Solving
Linear Inequalities: Sections: Introduction and formatting, Elementary examples, Advanced examples
If they had given me "2x = 9", I would have divided the 2 from each side. I can do the same thing here: Then the solution is: x < ^{9}/_{2} ...or, if you prefer decimals (and if your instructor will accept decimal equivalents instead of fractions):
x < 4.5
If they had given me "^{ x}/_{4} = ^{1}/_{2} ", I would have multiplied both sides by 4. I can do the same thing here: Then the solution is: x > 2
Remember how I said that solving linear inequalities is "almost" exactly like solving linear equations? Well, this is the one place where it's different. To explain what I'm about to do, consider the following: Copyright © Elizabeth Stapel 20022011 All Rights Reserved 3 > 2 What happens to the above inequality when I multiply through by –1? The temptation is to say that the answer will be "–3 > –2". But –3 is not greater than –2; it is in actuality smaller. That is, the correct inequality is actually the following: –3 < –2 As you can see, multiplying by a negative ("–1", in this case) flipped the inequality sign from "greater than" to "less than". This is the new wrinkle for solving inequalities: When solving inequalities, if you multiply or divide through by a negative, you must also flip the inequality sign. To solve "–2x < 5", I need to divide through by a negative ("–2"), so I will need to flip the inequality: Then the solution is: x > ^{–5}/_{2}
First, I'll multiply through by 4. Since the "4" is positive, I don't have to flip the inequality sign: ^{(2x – 3)}/_{4} < 2 You can use the Mathway widget below to practice solving a linear inequality. Try the entered exercise, or type in your own exercise. Then click the "paperairplane" button to compare your answer to Mathway's. (Or skip the widget and continue with the lesson.)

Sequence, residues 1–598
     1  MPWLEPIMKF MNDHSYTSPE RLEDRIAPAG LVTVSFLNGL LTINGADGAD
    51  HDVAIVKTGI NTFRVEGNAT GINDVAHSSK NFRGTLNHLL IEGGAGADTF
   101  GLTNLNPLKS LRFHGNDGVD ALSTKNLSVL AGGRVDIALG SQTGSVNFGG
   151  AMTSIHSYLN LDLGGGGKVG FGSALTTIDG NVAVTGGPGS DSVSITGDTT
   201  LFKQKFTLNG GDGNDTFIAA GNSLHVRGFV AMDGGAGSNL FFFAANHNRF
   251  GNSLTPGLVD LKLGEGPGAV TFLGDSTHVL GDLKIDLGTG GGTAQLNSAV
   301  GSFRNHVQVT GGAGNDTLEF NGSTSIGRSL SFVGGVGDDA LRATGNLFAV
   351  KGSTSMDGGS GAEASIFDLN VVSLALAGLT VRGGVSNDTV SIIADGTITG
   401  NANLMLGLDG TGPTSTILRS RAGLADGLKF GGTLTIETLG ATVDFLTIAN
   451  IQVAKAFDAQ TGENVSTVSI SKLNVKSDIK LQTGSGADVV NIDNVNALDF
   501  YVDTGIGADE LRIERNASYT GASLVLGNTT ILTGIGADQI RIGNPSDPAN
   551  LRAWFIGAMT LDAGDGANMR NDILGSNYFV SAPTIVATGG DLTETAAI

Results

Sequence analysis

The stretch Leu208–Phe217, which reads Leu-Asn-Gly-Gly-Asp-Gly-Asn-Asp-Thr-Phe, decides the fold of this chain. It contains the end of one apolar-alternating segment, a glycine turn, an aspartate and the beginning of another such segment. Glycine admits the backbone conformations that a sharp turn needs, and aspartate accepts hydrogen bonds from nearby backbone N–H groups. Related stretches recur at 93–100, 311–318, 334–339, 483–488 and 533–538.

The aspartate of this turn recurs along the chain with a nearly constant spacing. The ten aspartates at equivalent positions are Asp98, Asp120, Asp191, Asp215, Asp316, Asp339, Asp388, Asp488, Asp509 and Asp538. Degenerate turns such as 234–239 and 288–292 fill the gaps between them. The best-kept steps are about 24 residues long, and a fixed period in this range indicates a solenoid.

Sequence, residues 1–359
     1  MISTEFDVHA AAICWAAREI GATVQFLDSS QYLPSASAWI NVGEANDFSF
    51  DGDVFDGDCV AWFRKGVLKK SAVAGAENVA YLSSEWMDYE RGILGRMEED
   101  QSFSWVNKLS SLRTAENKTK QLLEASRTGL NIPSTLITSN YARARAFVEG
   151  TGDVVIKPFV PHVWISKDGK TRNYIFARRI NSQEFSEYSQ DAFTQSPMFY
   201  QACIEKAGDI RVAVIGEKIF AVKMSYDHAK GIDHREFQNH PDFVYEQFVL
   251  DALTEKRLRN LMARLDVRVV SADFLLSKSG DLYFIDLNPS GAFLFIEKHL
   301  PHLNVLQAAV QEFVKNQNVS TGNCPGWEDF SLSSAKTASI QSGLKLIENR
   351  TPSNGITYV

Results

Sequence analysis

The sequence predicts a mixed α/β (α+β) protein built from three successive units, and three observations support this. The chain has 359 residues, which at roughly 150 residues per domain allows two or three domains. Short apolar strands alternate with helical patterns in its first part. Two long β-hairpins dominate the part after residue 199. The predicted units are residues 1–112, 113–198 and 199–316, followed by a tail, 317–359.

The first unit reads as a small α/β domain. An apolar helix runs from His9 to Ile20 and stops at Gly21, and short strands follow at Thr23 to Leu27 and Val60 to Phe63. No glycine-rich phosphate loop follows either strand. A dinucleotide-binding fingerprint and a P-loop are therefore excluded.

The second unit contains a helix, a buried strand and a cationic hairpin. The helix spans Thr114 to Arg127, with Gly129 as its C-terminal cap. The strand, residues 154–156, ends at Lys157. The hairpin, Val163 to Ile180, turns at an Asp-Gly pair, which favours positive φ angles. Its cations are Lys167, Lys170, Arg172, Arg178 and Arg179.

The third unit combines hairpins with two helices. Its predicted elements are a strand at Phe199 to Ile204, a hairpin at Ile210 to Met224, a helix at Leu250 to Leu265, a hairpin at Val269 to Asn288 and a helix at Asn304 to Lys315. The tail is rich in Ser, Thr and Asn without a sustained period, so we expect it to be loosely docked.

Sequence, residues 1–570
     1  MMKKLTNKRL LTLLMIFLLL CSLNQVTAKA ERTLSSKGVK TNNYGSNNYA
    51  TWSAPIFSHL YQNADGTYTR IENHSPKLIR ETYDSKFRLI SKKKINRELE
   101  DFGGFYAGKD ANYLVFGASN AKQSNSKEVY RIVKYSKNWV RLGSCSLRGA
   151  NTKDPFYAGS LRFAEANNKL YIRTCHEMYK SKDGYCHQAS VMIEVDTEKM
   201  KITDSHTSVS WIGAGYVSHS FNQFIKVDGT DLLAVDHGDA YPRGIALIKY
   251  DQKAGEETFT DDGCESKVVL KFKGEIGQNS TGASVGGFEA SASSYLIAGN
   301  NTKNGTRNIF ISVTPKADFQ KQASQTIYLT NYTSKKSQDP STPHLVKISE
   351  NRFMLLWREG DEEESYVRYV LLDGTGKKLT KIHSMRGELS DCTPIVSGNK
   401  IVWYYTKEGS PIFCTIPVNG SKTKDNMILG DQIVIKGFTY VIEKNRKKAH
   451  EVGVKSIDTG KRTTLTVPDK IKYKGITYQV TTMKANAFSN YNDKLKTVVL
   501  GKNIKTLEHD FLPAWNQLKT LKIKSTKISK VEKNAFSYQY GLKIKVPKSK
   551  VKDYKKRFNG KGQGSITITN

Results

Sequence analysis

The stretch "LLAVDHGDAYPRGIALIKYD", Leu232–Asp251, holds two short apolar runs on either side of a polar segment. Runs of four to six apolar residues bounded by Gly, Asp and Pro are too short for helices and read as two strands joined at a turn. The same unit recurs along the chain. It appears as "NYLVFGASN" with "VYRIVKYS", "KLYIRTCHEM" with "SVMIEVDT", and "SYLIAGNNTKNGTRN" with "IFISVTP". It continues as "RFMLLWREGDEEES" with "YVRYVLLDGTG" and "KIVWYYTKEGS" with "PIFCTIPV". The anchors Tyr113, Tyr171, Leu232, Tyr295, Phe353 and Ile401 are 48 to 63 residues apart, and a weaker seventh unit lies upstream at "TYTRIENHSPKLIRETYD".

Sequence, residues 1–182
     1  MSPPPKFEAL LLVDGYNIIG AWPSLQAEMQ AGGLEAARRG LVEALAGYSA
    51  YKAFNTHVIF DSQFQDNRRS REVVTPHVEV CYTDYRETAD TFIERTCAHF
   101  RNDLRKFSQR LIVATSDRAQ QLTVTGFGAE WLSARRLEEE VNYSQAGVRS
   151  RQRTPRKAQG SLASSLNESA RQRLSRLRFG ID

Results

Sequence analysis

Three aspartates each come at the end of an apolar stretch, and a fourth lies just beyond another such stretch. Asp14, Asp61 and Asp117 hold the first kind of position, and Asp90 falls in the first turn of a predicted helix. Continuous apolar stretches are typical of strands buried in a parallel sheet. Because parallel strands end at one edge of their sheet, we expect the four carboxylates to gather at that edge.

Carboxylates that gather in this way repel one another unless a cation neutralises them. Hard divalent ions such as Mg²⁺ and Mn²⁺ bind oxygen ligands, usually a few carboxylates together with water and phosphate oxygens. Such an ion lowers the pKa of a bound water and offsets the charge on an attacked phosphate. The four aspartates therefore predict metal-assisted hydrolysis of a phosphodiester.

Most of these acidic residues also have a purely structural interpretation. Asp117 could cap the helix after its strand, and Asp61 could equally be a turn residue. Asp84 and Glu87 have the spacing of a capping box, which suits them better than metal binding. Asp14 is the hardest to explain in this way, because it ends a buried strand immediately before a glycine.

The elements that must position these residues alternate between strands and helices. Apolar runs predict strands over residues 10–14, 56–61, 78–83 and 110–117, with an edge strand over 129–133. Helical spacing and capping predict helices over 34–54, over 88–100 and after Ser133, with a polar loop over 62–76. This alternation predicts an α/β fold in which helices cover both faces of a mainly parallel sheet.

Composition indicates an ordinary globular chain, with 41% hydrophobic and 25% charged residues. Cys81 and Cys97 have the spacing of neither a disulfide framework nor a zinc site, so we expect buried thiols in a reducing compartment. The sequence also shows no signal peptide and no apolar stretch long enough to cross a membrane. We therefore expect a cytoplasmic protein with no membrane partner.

(Clicking on "Tap to view steps" on the widget's answer screen will take you to the Mathway site for a paid upgrade.)
This is what is called a "compound inequality". It works just like regular inequalities, except that it has three "sides". So, for instance, when I go to subtract the 4, I will have to subtract it from all three "sides". 10 < 3x + 4 < 19 You can use the Mathway widget below to practice solving an interval inequality. Try the entered exercise, or type in your own exercise. Then click "the "paperairplane" button to compare your answer to Mathway's. (Or skip the widget and continue with the lesson.) > (Clicking on "Tap to view steps" on the widget's answer screen will take you to the Mathway site for a paid upgrade.) << Previous Top  1  2  3  Return to Index Next >>


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